Tag Archives: headers
Not buying it.
A study recently published by JAMA Pediatrics concluded that “although heading is the most common activity associated with concussions, the most frequent mechanism was athlete-athlete contact. Such information is needed to drive evidence-based, targeted prevention efforts to effectively reduce soccer-related concussions. Although banning heading from youth soccer would likely prevent some concussions, reducing athlete-athlete contact across all phases of play would likely be a more effective way to prevent concussions as well as other injuries.”
Contact is part of the game in soccer, and much of it is anticipated. You don’t have to have a PhD to know that its the unanticipated contact in sports that leads to the most significant head injuries — the wide receiver blind-sided on a crossing route, the basketball player who doesn’t see the hard pick, OR the soccer players that bang heads in mid-air in an attempt to head the ball.
This isn’t the time to ban all headers in soccer, but perhaps restrict their use in practice and in youth soccer. Soccer already has a mechanism for dealing with excessive “”athlete-athlete contact.” The simple growing awareness of the risk of concussion will color how referees call the game. Leave it alone.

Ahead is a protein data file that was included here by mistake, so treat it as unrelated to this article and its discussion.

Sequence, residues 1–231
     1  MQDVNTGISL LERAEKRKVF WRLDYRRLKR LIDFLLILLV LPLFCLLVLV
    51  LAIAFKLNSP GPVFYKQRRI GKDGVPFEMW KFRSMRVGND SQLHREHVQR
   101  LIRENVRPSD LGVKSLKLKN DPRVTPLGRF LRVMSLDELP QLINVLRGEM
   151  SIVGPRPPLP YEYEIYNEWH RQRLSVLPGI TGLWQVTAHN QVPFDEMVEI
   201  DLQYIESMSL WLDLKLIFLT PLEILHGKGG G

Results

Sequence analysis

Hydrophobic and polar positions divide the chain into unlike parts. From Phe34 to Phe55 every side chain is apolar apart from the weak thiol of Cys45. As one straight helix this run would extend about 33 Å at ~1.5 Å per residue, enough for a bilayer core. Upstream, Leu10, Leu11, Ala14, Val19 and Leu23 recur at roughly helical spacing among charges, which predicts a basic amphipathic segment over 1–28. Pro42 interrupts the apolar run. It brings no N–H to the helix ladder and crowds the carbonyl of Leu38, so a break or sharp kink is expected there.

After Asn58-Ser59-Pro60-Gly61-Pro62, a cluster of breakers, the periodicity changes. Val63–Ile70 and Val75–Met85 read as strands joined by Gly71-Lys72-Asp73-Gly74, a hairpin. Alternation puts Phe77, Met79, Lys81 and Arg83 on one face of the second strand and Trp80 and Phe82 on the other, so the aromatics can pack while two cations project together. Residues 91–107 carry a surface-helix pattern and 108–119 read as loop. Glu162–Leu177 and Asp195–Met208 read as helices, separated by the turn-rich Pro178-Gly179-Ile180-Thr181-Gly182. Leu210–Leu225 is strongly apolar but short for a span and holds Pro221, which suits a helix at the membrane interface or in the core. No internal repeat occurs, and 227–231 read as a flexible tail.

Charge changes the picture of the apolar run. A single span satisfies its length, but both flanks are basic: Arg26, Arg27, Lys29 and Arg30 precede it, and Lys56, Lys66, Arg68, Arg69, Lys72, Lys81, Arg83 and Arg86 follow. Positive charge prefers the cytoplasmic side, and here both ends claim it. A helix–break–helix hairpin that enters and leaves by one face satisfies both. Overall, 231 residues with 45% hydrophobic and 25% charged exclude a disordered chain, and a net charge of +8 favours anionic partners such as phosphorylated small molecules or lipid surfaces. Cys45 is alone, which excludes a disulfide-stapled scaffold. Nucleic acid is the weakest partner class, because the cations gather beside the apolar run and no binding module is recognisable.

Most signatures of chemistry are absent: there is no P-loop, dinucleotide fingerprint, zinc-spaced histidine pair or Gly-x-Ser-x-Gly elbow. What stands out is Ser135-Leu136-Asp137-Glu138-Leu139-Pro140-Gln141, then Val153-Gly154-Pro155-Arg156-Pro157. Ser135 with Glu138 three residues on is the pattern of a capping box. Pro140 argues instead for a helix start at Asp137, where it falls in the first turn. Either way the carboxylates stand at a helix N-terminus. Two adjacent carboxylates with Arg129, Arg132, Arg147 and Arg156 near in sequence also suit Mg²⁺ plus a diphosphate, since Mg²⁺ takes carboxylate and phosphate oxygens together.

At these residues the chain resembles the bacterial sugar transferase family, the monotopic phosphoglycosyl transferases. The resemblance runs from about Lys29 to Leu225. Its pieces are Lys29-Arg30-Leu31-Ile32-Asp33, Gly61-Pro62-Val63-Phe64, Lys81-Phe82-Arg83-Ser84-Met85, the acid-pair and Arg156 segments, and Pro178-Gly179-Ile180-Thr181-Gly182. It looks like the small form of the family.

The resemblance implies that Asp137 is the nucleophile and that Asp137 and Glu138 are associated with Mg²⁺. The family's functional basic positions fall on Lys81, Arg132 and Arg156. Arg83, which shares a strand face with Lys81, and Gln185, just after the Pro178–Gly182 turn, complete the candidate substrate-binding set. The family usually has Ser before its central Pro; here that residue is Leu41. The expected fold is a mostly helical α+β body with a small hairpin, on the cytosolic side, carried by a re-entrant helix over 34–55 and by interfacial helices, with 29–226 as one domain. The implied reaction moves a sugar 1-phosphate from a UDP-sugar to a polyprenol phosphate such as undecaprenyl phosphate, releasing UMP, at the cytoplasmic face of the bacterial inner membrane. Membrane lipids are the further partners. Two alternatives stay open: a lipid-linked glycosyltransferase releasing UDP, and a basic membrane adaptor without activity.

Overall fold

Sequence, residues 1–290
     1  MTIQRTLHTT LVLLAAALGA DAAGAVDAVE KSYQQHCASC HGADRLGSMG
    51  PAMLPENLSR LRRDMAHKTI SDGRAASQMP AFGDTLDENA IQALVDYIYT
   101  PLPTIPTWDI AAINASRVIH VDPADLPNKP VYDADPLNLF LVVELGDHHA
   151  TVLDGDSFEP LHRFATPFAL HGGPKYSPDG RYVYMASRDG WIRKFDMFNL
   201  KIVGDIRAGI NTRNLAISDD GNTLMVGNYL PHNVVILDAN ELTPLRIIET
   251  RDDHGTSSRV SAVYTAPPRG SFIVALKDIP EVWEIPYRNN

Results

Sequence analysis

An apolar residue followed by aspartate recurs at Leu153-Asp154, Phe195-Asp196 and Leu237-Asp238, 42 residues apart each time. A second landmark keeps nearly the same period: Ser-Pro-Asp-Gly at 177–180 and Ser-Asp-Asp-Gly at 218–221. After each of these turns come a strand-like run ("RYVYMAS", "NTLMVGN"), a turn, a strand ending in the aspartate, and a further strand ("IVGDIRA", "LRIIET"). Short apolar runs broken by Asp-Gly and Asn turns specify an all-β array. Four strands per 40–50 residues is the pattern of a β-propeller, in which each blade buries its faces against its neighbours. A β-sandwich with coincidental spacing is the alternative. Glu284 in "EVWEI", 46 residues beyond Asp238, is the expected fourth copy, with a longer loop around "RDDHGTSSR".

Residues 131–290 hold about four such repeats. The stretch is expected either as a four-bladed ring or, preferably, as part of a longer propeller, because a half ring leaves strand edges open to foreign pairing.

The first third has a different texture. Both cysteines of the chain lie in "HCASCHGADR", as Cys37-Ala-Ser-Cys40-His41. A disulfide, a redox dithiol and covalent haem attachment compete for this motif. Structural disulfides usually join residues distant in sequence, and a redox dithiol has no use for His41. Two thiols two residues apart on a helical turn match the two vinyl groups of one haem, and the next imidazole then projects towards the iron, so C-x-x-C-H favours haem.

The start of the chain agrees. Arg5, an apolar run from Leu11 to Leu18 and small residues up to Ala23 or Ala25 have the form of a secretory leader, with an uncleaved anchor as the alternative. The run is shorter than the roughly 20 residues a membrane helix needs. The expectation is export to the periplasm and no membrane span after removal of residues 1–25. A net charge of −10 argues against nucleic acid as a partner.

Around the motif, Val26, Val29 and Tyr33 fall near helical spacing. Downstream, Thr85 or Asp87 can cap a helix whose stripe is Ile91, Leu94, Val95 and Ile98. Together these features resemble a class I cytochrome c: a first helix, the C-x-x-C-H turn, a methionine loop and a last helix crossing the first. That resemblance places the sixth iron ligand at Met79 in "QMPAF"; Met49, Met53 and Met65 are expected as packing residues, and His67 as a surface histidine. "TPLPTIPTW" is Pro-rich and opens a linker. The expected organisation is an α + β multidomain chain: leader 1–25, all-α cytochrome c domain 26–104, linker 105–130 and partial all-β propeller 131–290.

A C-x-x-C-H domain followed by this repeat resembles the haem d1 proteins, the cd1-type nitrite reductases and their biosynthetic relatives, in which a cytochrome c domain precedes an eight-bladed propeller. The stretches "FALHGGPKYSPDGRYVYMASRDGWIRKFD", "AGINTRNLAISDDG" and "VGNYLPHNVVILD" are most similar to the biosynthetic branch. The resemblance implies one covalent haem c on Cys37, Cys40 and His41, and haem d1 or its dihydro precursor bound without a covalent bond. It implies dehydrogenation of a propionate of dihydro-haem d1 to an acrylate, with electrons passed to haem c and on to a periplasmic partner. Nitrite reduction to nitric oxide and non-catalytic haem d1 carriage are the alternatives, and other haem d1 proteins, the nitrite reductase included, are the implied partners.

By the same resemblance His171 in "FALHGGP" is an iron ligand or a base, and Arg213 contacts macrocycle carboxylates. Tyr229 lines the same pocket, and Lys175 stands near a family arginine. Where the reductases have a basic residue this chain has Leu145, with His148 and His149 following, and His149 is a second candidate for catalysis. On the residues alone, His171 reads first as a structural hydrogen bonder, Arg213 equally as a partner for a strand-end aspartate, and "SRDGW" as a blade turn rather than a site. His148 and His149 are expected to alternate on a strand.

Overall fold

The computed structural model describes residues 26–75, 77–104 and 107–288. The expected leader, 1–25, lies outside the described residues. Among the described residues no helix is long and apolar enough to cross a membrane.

The bigger issue is recognizing concussion and following conservative return-to-play protocol.
The most viewed story from the New York Times sports section this morning wasn’t about golfer Jordan Spieth winning the U.S. Open, or baseball, or even the Women’s World Cup.
It was about concussions, and the story of Curtis Baushke, a twenty-something former soccer player, who died from a prescription drug overdose associated with the symptoms he suffered from CTE. The theme was that concussion remain a problem for soccer, one that should be addressed.
To read the story, click here: http://www.nytimes.com/2015/06/22/sports/an-athlete-felled-by-concussions-despite-playing-a-safer-sport.html?src=me&_r=0
Safersoccer.org got a boost this week when former soccer star Brandi Chastain lent her support behind a movement to ban headers among soccer players under 14.
Chastain told the media that coaches can lessen the risk of concussions by concentrating on footwork and better awareness, instead of headers, which can lead to a traumatic brain injury or add up as a sub-concussive impacts over time.
“Now that I’m off the field and I’m stepping back I still feel the need to do something for the game. And I thought the best thing I could do is help make the game safer. As a mom, that’s an extra push. I want my son to go to the soccer field and be safe,” she told the media.